IDEAS home Printed from https://ideas.repec.org/a/taf/pubmmg/v36y2016i6p425-432.html
   My bibliography  Save this article

Risky business—reconceptualizing risk and innovation in public services

Author

Listed:
  • Sophie Flemig
  • Stephen Osborne
  • Tony Kinder

Abstract

This paper explores the relationship between risk and innovation in public services, presenting the state of the literature across different disciplines and the academic and policy literature. It suggests a novel framework to approach risk, emphasising the importance of differentiating between different types of risk and risk management. The paper offers a typology of risk types and management approaches that indicates different effects on the type of public service innovation. It concludes by considering the implications for theory and practice.

Suggested Citation

  • Sophie Flemig & Stephen Osborne & Tony Kinder, 2016. "Risky business—reconceptualizing risk and innovation in public services," Public Money & Management, Taylor & Francis Journals, vol. 36(6), pages 425-432, September.
  • Handle: RePEc:taf:pubmmg:v:36:y:2016:i:6:p:425-432
    DOI: 10.1080/09540962.2016.1206751
    as

    Download full text from publisher

    File URL: http://hdl.handle.net/10.1080/09540962.2016.1206751
    Download Restriction: Access to full text is restricted to subscribers.

    As the access to this document is restricted, you may want to search for a different version of it.

    References listed on IDEAS

    as
    1. Anthony Wall & Ciaran Connolly, 2009. "The Private Finance Initiative," Public Management Review, Taylor & Francis Journals, vol. 11(5), pages 707-724, September.
    2. Sophie Flemig, 2015. "New development: A game of responsibility? The regulation of health and social care professionals," Public Money & Management, Taylor & Francis Journals, vol. 35(2), pages 169-171, March.
    3. David Corner, 2006. "The United Kingdom Private Finance Initiative: The Challenge of Allocating Risk," OECD Journal on Budgeting, OECD Publishing, vol. 5(3), pages 37-55.
    4. Stephen P. Osborne & Norman Flynn, 1997. "Strategic Alliances Managing the Innovative Capacity of Voluntary and Non-Profit Organizations in the Provision of Public Services," Public Money & Management, Taylor & Francis Journals, vol. 17(4), pages 31-39, October.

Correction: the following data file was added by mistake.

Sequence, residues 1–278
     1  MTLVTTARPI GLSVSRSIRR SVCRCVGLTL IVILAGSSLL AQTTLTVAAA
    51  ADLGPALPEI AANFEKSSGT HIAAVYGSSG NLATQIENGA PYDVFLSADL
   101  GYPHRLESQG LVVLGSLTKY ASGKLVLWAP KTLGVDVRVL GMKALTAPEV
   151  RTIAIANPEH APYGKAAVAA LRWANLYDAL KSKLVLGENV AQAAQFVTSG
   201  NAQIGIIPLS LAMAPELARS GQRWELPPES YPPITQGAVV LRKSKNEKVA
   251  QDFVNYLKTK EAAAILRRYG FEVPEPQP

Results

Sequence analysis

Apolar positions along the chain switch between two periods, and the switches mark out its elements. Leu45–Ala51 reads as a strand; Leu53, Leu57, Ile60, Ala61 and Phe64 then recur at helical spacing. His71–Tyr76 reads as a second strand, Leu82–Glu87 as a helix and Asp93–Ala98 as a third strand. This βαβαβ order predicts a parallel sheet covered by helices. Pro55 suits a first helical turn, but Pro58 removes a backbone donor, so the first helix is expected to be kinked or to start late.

5. Palermo, Tommaso, 2014. "Accountability and expertise in public sector risk management: a case study," LSE Research Online Documents on Economics 59948, London School of Economics and Political Science, LSE Library.
    6. Rob Ball & Maryanne Heafey & Dave King, 2007. "The Private Finance Initiative in the UK," Public Management Review, Taylor & Francis Journals, vol. 9(2), pages 289-310, June.
    Full references (including those not matched with items on IDEAS)

    Citations

    Citations are extracted by the CitEc Project, subscribe to its RSS feed for this item.
    as


    Cited by:

    1. Signe Phil-Thingvad & Kurt Klaudi Klausen, 2019. "Managing The Implementation Of Innovation Strategies In Public Service Organisation — How Managers May Support Employees Innovative Work Behaviour," International Journal of Innovation Management (ijim), World Scientific Publishing Co. Pte. Ltd., vol. 24(04), pages 1-29, December.
    2. Yanwei Li & Araz Taeihagh & Martin De Jong, 2018. "The Governance of Risks in Ridesharing: A Revelatory Case from Singapore," Energies, MDPI, Open Access Journal, vol. 11(5), pages 1-21, May.

    More about this item

    Statistics

    Access and download statistics

    Corrections

    All material on this site has been provided by the respective publishers and authors. You can help correct errors and omissions. When requesting a correction, please mention this item's handle: RePEc:taf:pubmmg:v:36:y:2016:i:6:p:425-432. See general information about how to correct material in RePEc.

    For technical questions regarding this item, or to correct its authors, title, abstract, bibliographic or download information, contact: (Chris Longhurst). General contact details of provider: http://www.tandfonline.com/RPMM20 .

    If you have authored this item and are not yet registered with RePEc, we encourage you to do it here. This allows to link your profile to this item. It also allows you to accept potential citations to this item that we are uncertain about.

    If CitEc recognized a reference but did not link an item in RePEc to it, you can help with this form .

    If you know of missing items citing this one, you can help us creating those links by adding the relevant references in the same way as above, for each refering item. If you are a registered author of this item, you may also want to check the "citations" tab in your RePEc Author Service profile, as there may be some citations waiting for confirmation.

    Please note that corrections may take a couple of weeks to filter through the various RePEc services.

    IDEAS is a RePEc service hosted by the Research Division of the Federal Reserve Bank of St. Louis . RePEc uses bibliographic data supplied by the respective publishers.